1861 Harpers Weekly View of the Chesapeake Bay and Vicinity

ChesapeakeBay-harpers-1861
$250.00
Pictorial Map of the Seat of War, Showing Parts of the States of Maryland, Delaware, Virginia, and North Carolina, and also the Coast Line From Cape Henry to Fort Pickens, With the United States Blockading Fleet.
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1861 Harpers Weekly View of the Chesapeake Bay and Vicinity

ChesapeakeBay-harpers-1861

A remarkable view drawn at the open of the American Civil War.

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Title


Pictorial Map of the Seat of War, Showing Parts of the States of Maryland, Delaware, Virginia, and North Carolina, and also the Coast Line From Cape Henry to Fort Pickens, With the United States Blockading Fleet.
  1861 (dated)    14 x 20.5 in (35.56 x 52.07 cm)

Description


An uncommon and interesting view and map of the Chesapeake Bay and vicinity drawn just after the 1861 outbreak of the American Civil War. Oriented to the south, this view covers from the entrance to the Susquehanna River at Perryville and Havre de Grace to Cape Henry at the mouth of the Bay and Fort Jefferson along the Virginia Coast. The map includes the embattled cities of Washington D.C., Baltimore, and Richmond as well as numerous smaller towns. The Union Naval blockade along the coast and at the mouth of the Chesapeake is also in evidence. Possibly the work of Charles Magnus, this map was issued in the June 8, 1861 edition of Harper's Weekly.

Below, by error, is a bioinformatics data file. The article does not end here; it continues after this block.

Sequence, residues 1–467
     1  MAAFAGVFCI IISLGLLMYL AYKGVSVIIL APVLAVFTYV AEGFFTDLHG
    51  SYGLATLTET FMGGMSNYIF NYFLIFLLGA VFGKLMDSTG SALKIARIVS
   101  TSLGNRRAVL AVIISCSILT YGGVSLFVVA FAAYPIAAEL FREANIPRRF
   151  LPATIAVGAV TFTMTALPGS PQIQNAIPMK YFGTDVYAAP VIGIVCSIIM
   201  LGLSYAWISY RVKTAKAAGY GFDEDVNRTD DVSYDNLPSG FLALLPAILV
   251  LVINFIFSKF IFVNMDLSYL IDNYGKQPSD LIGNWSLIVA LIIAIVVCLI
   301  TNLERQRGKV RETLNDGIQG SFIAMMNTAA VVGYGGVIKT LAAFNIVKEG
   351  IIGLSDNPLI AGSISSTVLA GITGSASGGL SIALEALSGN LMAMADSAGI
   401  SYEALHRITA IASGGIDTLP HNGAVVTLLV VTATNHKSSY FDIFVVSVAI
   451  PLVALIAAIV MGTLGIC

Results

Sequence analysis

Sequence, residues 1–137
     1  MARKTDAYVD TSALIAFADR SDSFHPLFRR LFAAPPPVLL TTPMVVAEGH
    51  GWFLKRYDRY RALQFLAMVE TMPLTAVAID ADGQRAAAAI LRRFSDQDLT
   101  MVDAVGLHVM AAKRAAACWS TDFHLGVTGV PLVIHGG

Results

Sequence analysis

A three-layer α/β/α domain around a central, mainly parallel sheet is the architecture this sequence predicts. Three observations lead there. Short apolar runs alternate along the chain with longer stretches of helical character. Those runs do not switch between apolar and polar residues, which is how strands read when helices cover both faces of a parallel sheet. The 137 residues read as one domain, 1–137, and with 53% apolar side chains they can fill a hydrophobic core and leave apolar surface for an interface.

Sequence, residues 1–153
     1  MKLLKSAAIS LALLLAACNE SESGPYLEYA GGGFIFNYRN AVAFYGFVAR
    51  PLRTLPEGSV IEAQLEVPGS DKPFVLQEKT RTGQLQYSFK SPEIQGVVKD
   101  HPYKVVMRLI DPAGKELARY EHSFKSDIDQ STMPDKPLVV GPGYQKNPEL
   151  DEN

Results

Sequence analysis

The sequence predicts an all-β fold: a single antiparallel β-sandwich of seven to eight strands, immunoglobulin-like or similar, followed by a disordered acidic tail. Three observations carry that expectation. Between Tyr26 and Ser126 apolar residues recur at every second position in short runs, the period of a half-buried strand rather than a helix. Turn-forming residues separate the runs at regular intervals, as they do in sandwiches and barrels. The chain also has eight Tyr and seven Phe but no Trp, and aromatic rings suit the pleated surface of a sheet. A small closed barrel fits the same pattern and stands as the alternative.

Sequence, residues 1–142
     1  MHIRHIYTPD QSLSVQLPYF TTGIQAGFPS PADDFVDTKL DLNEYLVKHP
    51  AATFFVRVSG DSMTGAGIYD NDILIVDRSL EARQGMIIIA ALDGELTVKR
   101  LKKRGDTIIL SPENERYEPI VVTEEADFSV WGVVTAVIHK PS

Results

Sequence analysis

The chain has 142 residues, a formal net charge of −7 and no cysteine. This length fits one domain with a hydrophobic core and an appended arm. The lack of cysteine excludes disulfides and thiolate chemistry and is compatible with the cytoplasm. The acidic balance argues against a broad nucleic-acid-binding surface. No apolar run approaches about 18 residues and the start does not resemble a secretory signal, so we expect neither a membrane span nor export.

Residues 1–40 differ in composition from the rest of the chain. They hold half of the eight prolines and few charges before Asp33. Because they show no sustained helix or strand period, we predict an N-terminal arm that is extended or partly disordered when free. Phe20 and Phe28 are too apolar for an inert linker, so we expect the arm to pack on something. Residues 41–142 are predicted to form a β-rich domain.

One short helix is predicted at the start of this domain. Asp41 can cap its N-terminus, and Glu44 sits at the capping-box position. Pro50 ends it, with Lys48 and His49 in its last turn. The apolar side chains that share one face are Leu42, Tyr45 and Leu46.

Cartographer


Harper's Weekly (1825 - 1916), subtitled "A Journal of Civilization" was a weekly political magazine and news journal published out of New York City. The Harper brothers, James, John, Joseph and Fletcher, began publishing in 1825. Inspired by the London Illustrated News, they created Harper's Weekly in 1857. The important weekly journal witnessed some of the most important moments in history from the American Civil War, to the serialized publishing of Dickens novels, to the inventions of the modern Santa Clause by illustrator Thomas Nast. Harpers continued to publish until 1916. The Harper name is still alive in the magazine business to this day.

Source


Harper's Weekly, June 8, 1861, p. 360-361.    

Condition


Good condition. Typical wear on original centerfold. Even overall toning.